Carex blanda Dewey -  Common Wood Sedge


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Carex blanda - (image 1 of 6)



Family: Cyperaceae


Section Laxiflorae     


Open meadows, disturbed mesic prairies, ditches, shaded parks and dry to mesic woods. Considered to be rather weedy.




ME and southern Quebec west to ND, south to GA, northwest FL and TX.


Stems tufted, to 60 cm; fertile stems slightly winged, minutely serrulate above; basal sheaths more or less brown; leaves to 1 cm wide, narrower on fertile shoots; angles of the lowest bracteal sheaths serrulate; terminal spike staminate, 1-2 cm, on a shorter to elongate peduncle, often exceeded by the uppermost bract; pistillate spikes 3-4, 1.5-2 cm long; pistillate scales cuspidate or short-awned; perigynia 4-18 per spike, crowded and overlapping, 2.5-4 mm long, 2-ribbed with many fine nerves, obtusely trigonous, obovoid, with a short, abruptly bent beak; achene obtusely trigonous.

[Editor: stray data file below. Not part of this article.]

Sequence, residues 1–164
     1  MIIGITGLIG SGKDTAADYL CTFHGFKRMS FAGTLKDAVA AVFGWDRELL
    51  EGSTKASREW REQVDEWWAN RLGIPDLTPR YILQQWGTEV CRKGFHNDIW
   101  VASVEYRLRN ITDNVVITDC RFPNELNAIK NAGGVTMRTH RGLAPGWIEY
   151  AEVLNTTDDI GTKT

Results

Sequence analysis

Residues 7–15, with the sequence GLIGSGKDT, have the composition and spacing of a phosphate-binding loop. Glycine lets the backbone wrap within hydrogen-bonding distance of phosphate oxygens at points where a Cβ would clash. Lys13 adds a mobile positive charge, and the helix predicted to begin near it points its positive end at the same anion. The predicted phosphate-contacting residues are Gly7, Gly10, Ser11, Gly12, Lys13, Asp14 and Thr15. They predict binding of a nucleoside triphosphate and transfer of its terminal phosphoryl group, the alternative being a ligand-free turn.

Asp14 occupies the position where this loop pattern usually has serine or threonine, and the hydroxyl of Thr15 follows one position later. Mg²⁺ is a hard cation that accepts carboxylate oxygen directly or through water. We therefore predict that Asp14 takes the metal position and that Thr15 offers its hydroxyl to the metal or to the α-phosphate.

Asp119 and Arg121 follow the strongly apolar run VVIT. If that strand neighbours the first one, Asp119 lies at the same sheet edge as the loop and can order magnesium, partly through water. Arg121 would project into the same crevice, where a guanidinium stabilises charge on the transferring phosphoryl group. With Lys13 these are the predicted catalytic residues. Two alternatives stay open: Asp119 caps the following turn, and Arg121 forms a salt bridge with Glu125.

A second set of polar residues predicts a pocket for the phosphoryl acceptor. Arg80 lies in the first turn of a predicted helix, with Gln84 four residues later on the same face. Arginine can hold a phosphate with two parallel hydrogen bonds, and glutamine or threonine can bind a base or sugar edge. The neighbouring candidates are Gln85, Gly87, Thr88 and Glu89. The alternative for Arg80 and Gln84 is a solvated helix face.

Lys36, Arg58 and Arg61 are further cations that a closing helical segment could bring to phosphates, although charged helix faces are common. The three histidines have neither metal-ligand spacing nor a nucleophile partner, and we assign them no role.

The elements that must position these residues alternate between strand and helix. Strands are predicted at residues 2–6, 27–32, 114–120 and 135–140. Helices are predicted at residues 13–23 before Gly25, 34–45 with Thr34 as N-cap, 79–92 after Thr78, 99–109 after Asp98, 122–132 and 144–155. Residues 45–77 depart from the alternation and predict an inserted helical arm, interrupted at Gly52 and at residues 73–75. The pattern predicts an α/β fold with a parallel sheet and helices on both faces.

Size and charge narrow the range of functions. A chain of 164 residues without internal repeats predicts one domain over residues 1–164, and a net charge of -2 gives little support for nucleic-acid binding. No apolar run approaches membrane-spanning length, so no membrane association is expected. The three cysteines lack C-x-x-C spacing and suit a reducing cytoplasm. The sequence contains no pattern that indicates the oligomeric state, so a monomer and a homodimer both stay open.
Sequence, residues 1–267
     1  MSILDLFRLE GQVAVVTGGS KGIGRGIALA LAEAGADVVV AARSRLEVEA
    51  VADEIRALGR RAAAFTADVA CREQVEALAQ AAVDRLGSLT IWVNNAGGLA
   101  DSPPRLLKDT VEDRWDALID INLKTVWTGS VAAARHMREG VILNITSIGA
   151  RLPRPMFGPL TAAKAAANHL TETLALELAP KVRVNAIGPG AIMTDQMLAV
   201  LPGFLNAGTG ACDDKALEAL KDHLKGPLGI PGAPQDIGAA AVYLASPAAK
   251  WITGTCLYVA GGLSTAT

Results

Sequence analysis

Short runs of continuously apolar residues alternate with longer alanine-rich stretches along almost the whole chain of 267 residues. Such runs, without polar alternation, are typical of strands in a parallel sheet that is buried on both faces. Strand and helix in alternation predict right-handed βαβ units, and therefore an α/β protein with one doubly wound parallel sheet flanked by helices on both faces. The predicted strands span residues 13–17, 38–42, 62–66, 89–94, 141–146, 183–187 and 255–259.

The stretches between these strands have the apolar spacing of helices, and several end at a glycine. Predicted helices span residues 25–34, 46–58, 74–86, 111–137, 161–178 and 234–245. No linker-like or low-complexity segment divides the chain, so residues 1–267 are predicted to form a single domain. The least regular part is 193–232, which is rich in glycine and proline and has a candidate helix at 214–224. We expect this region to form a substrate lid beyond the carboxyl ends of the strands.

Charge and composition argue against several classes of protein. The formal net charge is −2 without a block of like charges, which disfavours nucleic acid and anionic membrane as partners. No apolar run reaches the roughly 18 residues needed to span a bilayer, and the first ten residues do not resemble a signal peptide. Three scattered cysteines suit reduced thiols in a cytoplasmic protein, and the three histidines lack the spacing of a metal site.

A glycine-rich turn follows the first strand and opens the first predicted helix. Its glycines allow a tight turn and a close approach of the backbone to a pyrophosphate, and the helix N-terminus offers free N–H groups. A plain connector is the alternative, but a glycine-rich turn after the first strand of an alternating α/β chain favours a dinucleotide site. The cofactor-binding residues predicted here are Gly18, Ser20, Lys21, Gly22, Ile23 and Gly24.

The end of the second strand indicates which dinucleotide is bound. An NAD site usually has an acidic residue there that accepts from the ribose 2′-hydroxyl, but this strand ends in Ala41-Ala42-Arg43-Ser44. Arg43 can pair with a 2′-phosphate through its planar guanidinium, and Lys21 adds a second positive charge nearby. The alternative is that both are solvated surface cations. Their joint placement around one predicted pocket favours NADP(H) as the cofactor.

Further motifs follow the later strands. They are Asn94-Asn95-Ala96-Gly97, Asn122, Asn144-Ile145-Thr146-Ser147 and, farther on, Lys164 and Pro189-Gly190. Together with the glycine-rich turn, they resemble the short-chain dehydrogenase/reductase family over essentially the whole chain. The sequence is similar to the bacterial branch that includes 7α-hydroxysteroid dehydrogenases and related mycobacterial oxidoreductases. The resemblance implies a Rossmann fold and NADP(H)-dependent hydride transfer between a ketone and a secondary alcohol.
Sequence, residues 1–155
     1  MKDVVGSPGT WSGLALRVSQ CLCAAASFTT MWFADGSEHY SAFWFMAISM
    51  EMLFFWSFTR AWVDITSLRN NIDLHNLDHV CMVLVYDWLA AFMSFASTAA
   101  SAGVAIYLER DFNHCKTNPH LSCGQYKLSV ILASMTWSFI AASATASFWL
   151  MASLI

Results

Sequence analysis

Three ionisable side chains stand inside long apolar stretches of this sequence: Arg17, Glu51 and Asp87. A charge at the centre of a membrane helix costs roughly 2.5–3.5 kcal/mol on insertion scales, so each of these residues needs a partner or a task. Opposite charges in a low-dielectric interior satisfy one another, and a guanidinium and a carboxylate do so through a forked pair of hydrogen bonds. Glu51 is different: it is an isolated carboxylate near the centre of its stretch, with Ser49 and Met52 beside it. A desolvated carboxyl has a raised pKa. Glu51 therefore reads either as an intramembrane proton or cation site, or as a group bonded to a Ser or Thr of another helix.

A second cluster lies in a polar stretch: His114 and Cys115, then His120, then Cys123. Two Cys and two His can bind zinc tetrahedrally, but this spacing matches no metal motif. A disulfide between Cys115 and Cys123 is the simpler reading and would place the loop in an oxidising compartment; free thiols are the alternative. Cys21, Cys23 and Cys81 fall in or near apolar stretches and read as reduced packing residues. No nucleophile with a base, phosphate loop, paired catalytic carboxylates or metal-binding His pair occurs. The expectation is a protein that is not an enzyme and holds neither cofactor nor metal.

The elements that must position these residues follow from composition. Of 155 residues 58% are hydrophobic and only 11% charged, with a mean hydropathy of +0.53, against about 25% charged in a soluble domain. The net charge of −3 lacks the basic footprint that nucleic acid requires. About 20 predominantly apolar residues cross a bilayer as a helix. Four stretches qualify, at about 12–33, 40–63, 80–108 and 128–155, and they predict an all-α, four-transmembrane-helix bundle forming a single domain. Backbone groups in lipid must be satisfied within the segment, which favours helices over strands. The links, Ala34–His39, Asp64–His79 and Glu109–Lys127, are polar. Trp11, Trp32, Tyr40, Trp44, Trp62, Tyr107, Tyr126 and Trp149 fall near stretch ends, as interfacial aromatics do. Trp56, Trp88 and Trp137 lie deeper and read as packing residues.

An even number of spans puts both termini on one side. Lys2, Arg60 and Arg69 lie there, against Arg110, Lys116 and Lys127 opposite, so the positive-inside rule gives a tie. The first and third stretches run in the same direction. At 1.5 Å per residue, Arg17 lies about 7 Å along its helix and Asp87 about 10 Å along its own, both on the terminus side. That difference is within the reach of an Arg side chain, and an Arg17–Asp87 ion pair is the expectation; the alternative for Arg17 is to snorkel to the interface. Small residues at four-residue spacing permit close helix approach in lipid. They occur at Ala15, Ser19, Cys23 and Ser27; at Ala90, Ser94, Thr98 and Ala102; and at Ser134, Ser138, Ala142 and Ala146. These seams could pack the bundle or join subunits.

Fruiting May to June

Wetland indicator: FAC

The specific epithet blanda means "charming". Similar but less common species include C. laxiflora and C. hitchcockiana. Carex laxiflora is more typical of mesophytic forests and is smooth on the angles of the bracteal sheaths. Carex hitchcockiana occurs in mesic woods and can be distinguished by its minutely pubescent sheaths.


Curtis, L. 2006. Woodland Carex of the upper Midwest. Lake Villa, IL.


Gleason, Henry A. and A. Cronquist. 1991. Manual of Vascular Plants of Northeastern United States and Adjacent Canada. Second Ed.
The New York Botanical Garden. Bronx, NY


Swink, F. and G. Wilhelm. 1994. Plants of the Chicago Region.
Indiana Academy of Science. The Morton Arboretum. Lisle, Illinois.




Michael Hough 2010